Sequence in the Social Studies
Ediger, Marlow, Journal of Instructional Psychology
Quality sequence in the social studies is of utmost importance. Sequence emphasizes "when" selected concepts should be stressed in ongoing lessons and unites of study. The social studies teacher needs to observe pupils carefully in teaching and learning situations to ascertain suitable, ordered experiences for pupils. Pupils face frustration if the learning opportunities are too complex and may feel boredom if the tasks are too easy. Carefully sequenced facts, concepts and generalizations assist pupils to attain more optimally, be it in programmed learning or in open ended approaches. What might the social studies teacher do to assist pupils achieve more optimally in the social studies?
Diverse Plans in Determining Sequence in the Social Studies
Programmed learning stresses that the programmer determines objectives, learning activities, and evaluation procedures, in a particular order. The learning activities are very closely aligned with the objectives and move from the simple to the complex in a tightly planned sequence. Pupils make few mistakes in a pilot studied, published program. Thus, for example, a pupil at a computer terminal, reads a few sentences then responds to a multiple choice test item covering what has been read. Heshe immediately receives an answer of being either correct ot incorrect. If incorrect, the pupil sees the correct answer on the monitor and is also ready for the next sequential learning. This sequence of read, respond, and check is followed continuously. Each learning builds on the previously sequential subject matter content acquired by pupils. By carefully sequencing information from one step of learning to the next, the pupil experiences much sequential success. The emphasis here is upon responding correctly, which reinforces each step of learning. Operant conditioning is then in evidence. The late B. F. Skinner was a leading exponent of programmed learning and operant conditioning (Ediger, 2003).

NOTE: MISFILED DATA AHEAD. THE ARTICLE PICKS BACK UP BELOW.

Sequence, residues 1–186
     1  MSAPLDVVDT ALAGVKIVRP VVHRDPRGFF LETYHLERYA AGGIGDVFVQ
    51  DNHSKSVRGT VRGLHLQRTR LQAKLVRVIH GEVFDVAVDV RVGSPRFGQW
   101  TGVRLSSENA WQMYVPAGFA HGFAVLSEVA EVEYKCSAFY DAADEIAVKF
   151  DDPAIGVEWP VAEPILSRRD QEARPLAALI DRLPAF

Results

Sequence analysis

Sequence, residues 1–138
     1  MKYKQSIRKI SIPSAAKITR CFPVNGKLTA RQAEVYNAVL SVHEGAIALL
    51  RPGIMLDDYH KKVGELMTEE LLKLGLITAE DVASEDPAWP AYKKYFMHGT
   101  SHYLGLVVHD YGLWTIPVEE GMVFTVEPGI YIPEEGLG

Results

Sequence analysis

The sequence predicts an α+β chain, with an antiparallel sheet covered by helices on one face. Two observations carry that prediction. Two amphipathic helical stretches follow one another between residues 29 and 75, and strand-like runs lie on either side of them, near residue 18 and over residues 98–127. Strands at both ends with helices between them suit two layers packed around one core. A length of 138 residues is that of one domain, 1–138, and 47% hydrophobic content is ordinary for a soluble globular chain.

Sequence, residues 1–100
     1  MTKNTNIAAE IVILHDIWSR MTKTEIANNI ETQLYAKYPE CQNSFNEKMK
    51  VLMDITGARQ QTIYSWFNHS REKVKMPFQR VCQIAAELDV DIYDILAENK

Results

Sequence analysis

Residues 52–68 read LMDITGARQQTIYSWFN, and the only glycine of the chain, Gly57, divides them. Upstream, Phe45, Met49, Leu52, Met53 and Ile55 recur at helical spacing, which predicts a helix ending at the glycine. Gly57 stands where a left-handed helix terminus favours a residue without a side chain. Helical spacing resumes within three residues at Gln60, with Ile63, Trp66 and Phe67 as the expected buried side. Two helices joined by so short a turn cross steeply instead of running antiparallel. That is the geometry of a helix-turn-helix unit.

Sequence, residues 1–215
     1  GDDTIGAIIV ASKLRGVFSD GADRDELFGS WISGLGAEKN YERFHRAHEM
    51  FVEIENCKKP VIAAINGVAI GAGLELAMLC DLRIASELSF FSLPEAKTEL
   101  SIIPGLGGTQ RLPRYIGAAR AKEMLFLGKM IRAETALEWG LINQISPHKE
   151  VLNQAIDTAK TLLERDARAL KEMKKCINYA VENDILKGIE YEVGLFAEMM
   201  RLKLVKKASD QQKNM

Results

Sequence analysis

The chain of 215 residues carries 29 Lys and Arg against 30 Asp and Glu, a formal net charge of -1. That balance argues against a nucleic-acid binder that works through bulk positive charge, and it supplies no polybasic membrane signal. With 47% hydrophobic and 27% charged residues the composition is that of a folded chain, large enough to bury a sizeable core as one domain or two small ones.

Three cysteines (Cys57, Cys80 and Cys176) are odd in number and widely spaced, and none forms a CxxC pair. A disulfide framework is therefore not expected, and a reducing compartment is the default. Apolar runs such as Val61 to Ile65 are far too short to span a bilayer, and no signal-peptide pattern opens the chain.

Teaching toward mandated objectives is more open ended as compared to operant conditioning, but it still stresses the teacher focusing upon closure in terms of pupils achieving what is measurable. Pupils, here, take annual tests containing multiple choice test items. The test items are aligned with precise or specific objectives of instruction. This has made it that teachers attempt to teach toward the specific objectives only, so that pupils score higher on the mandated, required tests. The scope of the curriculum is delimited to that which is tested. Sequence in teaching then pertains to the order of objectives pupils are to attain.
Measurable test results are emphasized in the use of programmed learning as well as in the mandated objectives curriculum (Ediger, 2007). Toward the other end of the continuum are problem solving methods, quite popular today, in teaching the social studies. Problem solving is rather open ended in that within an ongoing lesson unit of study, pupils choose a problem to solve. The problem is salient and requires effort and deliberation in its solving. A variety of references are used to gather necessary information. They include the internet, basal social studies textbooks, encyclopedia entries, library books, and knowledgeable personnel, among others. The information is organized and used in securing an answer to the problem. The answer, here, becomes a tentative hypothesis to be tested. If the tentative answer holds up under scrutiny due to critical and creative thinking, then it is accepted. If not, the original hypothesis is modified or refuted. Problem solving is flexible, and is sequenced by learners with teacher guidance. John Dewey (1859-1953) was a leading advocate of problem solving (Dewey, 1916).
The project method is closely related to problem solving approaches and stresses that pupils, also, largely sequence their own work in ongoing social studies units of study. Here, within an ongoing unit of study, pupils choose a project to develop with teacher assistance. …